When your house goes on the market, you’re not only opening the door to prospective buyers, but also possibly to unknown vendors, unqualified buyers and naive buyers. As with any business transaction, there is an expected protocol to how sellers, buyers and their respective agents interact. Should you find yourself in a sticky situation, alert us immediately so that we can address and remedy the problem.
The aggressive agent
When the Brandee Kelley Group puts your house on the market, all promotional materials state clearly that your agent is the primary contact for buyers and buyers’ agents. However, sometimes a buyer’s agent will contact a seller directly to try to either win over their business or cut the seller’s agent out of the deal. This is not reputable behavior and you should report it to us immediately if it happens to you.
The unscrupulous vendor
Have you ever started a business or moved into a new house and suddenly found your mailbox full of junk mail? Unfortunately, this also can happen when you put your house on the market. When you sell your home, it necessitates all kinds of new purchasing decisions and less-than-ethical vendors are keenly aware of this. Though MLS organizations enforce rules on how posted information is used, some companies have found ways to cull information from various sources to produce mass mailing lists. If you find yourself regularly emptying your mailbox of junk, let your agent know. He or she can tap the appropriate sources to prompt an investigation into the matter.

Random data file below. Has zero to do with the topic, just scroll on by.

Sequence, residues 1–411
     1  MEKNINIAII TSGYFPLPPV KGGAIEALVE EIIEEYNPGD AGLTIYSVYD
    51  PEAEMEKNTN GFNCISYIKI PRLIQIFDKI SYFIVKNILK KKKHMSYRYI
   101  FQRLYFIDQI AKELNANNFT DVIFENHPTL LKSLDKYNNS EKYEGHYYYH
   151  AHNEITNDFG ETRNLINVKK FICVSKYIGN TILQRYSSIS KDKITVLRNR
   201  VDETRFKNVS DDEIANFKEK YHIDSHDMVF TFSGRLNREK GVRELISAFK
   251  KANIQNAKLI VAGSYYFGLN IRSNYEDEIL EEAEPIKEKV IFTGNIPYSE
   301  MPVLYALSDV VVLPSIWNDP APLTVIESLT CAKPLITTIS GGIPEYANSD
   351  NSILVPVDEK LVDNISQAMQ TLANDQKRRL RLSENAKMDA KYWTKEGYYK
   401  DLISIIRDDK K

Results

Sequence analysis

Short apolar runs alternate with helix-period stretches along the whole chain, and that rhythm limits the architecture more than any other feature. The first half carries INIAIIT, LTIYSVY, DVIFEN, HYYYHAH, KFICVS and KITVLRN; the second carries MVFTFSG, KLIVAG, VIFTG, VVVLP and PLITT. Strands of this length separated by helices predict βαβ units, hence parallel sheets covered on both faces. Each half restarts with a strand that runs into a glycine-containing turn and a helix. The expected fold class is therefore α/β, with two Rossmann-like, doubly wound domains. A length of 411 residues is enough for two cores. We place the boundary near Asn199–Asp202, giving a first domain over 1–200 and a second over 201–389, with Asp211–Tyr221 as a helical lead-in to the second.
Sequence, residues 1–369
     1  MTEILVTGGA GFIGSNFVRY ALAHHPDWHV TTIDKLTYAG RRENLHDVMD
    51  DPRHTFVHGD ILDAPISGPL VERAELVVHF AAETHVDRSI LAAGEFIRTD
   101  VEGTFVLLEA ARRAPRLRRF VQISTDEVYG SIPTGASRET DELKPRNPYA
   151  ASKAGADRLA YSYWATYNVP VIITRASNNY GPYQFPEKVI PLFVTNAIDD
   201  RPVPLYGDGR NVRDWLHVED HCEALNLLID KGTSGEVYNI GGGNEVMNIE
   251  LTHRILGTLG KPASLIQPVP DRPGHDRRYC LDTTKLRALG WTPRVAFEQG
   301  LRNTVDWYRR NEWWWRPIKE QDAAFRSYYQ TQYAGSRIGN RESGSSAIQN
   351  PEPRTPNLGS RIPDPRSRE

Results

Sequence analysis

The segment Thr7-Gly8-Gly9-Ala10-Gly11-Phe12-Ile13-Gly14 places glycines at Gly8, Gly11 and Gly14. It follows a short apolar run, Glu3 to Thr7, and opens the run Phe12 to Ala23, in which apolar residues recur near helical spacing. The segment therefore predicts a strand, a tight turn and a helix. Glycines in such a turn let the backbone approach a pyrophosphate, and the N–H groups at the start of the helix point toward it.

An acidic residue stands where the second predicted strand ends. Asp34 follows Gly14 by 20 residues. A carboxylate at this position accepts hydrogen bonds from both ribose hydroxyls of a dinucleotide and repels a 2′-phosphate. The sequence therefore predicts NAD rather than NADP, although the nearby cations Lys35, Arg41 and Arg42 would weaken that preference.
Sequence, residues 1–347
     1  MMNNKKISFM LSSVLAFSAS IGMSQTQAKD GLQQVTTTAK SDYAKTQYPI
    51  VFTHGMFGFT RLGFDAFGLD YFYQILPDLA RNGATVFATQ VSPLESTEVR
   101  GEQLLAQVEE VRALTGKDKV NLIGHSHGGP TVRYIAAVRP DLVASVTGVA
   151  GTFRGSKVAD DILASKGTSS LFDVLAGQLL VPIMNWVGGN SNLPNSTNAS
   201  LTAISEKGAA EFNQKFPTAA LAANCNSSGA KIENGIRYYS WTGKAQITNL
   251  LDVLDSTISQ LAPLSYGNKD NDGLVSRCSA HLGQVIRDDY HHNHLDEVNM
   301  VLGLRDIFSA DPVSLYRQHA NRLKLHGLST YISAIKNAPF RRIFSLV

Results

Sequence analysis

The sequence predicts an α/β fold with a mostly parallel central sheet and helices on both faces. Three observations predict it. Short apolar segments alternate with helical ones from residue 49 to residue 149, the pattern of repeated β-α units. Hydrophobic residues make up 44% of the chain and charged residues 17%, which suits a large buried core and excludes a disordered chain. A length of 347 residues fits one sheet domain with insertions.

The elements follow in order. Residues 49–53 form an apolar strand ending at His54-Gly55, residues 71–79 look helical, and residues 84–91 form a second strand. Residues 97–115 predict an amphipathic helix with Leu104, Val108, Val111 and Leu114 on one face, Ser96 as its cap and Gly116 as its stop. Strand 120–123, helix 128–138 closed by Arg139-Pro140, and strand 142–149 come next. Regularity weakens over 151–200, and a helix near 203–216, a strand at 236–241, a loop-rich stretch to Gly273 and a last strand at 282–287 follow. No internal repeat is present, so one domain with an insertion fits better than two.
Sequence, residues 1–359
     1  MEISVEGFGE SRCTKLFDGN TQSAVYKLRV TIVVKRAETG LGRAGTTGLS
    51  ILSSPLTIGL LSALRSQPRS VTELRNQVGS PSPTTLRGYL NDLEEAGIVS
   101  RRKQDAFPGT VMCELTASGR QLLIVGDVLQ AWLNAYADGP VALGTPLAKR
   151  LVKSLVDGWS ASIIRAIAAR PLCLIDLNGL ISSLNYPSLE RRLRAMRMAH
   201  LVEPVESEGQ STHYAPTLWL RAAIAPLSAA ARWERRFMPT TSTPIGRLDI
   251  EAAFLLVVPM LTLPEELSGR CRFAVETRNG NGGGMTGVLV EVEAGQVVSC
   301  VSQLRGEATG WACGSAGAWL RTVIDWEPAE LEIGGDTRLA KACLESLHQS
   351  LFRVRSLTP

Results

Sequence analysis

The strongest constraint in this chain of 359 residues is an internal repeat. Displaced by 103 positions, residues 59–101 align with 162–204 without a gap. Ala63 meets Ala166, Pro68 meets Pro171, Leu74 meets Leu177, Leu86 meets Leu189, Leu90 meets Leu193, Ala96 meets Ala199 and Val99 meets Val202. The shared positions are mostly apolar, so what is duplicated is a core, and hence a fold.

Yard signs, Internet listings and other advertisements can generate a lot of buzz for your home. Some prospective buyers will be so eager to see your home that they’ll simply drop by and ask to look at your home. If this happens, no matter how nice these unexpected visitors are, do not discuss your home or give an impromptu showing. Instead, politely let them know that your real estate agent is in charge of scheduling showings and give them our business card and ask them to contact us. If you attempt to handle these surprise visits on your own, you might inadvertently disclose information that could hurt you during negotiations down the road. And under no circumstances should you allow strangers without representation of a REALTOR® to enter your home.